According to the writer, the disastrous impact of Covid-19 on the already embattled Ezemvelo KZN’s revenue generation has led to sweeping cutbacks that will compromise our Big Five.
According to the writer, the disastrous impact of Covid-19 on the already embattled Ezemvelo KZN’s revenue generation has led to sweeping cutbacks that will compromise our Big Five.

LETTER: Help protect critically endangered wildlife

By Heinz De Boer Time of article published Jul 3, 2020

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LETTER - The disastrous impact of Covid-19 on the already embattled Ezemvelo KZN’s revenue generation has led to sweeping cutbacks that will compromise our Big Five.

Cutbacks in anti-poaching helicopter operations, coupled with other major cutbacks in wildlife monitoring, have already begun as Ezemvelo grapples with a R53million loss in revenue.

The entity has been dealt a double blow during the lockdown, having to refund R2m in accommodation fees while it under-collected on gate fees, the sale of consumables, and fuel at provincial parks. R5.2m was cumulatively lost in wildlife sales and hunting package income.

The financial loss could have massive ramifications for the protection of critically endangered wildlife. Rhino poaching figures have already jumped by 3% in the fourth quarter of the financial year, as Ezemvelo renegotiates contracts with service providers. Among these, the helicopter services that assist in anti-poaching operations and wildlife monitoring and management. The vulture project in the Drakensberg is among the projects left without airborne monitoring.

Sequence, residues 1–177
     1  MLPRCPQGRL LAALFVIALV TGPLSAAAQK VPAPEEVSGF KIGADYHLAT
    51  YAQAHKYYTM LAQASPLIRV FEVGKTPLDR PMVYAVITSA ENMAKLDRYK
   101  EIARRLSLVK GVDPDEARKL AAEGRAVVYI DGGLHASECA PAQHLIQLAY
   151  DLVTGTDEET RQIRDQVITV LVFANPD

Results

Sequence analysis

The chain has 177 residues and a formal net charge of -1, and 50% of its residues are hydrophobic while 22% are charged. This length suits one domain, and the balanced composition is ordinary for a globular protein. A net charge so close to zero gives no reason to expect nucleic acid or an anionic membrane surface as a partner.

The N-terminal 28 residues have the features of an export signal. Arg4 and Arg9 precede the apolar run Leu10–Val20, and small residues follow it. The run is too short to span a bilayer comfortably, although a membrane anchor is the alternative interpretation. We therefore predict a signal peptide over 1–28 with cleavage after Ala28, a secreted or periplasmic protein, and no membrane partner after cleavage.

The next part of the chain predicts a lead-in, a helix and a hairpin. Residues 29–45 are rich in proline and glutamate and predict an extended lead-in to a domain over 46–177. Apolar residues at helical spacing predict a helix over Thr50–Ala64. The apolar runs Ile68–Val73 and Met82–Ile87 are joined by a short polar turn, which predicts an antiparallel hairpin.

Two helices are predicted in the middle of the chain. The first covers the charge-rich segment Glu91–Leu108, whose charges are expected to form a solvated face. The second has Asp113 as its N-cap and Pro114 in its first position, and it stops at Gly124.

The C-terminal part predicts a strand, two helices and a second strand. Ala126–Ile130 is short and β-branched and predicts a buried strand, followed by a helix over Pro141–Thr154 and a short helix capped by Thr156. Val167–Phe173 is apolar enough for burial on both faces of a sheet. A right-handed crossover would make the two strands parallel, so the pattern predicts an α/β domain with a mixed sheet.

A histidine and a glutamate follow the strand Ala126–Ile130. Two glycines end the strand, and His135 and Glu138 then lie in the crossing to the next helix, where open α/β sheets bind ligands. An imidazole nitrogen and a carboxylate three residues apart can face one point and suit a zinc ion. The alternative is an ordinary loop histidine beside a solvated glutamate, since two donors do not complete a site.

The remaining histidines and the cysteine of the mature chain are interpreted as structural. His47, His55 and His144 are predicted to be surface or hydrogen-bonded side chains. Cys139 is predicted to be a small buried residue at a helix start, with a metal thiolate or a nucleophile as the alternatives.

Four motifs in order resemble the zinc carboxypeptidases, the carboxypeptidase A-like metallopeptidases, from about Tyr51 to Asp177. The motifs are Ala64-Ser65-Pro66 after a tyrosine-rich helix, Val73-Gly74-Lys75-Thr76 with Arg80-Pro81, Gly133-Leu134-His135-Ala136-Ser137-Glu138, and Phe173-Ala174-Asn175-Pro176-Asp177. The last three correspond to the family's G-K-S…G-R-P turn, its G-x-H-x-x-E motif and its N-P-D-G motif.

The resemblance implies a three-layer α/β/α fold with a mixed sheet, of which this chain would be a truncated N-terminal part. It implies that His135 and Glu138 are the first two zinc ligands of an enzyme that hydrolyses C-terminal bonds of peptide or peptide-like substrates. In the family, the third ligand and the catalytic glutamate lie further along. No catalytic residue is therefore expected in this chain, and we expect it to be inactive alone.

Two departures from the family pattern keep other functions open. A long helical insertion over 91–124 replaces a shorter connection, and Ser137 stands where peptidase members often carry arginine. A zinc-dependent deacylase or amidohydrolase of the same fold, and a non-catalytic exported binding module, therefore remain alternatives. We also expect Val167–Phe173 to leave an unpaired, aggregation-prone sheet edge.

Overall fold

Covid-19 has similarly put the kibosh on several other projects as the entity faces severe financial constraints. There has been an inability to renovate tourist or staff accommodation in the flagship Hluhluwe, Imfolozi Park, and much-needed computers and IT infrastructure could not be purchased.

Hundreds of critical vacancies are unable to be filled, adding to the degradation of facilities and the risk of more poaching of endangered wildlife.

We have repeatedly called on government to seek public-private partnerships to work together, particularly in the commercialisation of the accommodation and tourism aspects of the entity, thereby ensuring that this vital asset to our heritage continues to provide a valuable service to our province. Perhaps now is the time to be actively pursuing this avenue. While the MEC and management will formulate new annual performance plans, citizens can help save Ezemvelo.

We calls on all travellers to stand in solidarity with Ezemvelo as the custodians of our natural heritage. A day visit or stay-over at one of the many destinations managed by Ezemvelo could help drag the entity away from the edge of the financial abyss.

The views expressed in this letter do not reflect the views of the editor or staff of The Mercury. If you would like to have your letter published, email [email protected]

The Mercury

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